In this project, we investigate the phase transformation and twinning mechanisms in a typical interstitial high-entropy alloy (iHEA) via in-situ and interrupted in-situ tensile testing ... more
In this project, we employ a metastability-engineering strategy to design bulk high-entropy alloys (HEAs) with multiple compositionally equivalent high-entropy phases. more
In this project we study a new strategy for the theory-guided bottom up design of beta-Ti alloys for biomedical applications using a quantum mechanical approach in conjunction with experiments. Parameter-free density functional theory calculations are used to provide theoretical guidance in selecting and optimizing Ti-based alloys... more
We have studied a nanocrystalline AlCrCuFeNiZn high-entropy alloy synthesized by ball milling followed by hot compaction at 600°C for 15 min at 650 MPa. X-ray diffraction reveals that the mechanically alloyed powder consists of a solid-solution body-centered cubic (bcc) matrix containing 12 vol.% face-centered cubic (fcc) phase. After hot compaction, it consists of 60 vol.% bcc and 40 vol.% fcc. Composition analysis by atom probe tomography shows that the material is not a homogeneous fcc–bcc solid solution more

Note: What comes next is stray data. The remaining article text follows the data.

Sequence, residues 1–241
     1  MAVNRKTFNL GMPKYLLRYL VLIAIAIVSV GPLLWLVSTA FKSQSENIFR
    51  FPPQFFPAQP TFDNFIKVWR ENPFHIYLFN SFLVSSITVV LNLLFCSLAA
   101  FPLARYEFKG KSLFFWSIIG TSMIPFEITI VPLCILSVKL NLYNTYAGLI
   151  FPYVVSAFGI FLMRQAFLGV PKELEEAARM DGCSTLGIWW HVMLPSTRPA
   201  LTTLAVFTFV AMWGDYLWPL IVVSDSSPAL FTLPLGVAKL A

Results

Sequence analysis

Within the EU project „ADVANCE - Sophisticated experiments and optimisation to advance an existing CALPHAD database for next generation TiAl alloys” MPIE is collaborating with Thermocalc-Software AB, Stockholm, Montanuniversität Leoben and Helmholtz-Zentrum Geesthacht. At MPIE the focus lies on the production and heat treatments of model alloys. By analysing them through metallography, X-ray diffraction, electron probe microanalysis and differential thermal analysis, the necessary data are obtained. Colleagues in Leoben perform atom probe tomography and transmission electron microscopy and in Geesthacht in situ synchrotron X-ray diffraction is carried out. All obtained data are optimised at the company Thermocalc and checked for consistency before they are implemented into the database. more
Because of their excellent corrosion resistance, high wear resistance and comparable low density, Fe–Al-based alloys are an interesting alternative for replacing stainless steels and possibly even Ni-base superalloys. Recent progress in increasing strength at high temperatures has evoked interest by industries to evaluate possibilities to employ Fe–Al-based alloys for various applications. These activities have matured to a point that industrial processing of parts is now investigated in more detail by considering economic aspects. more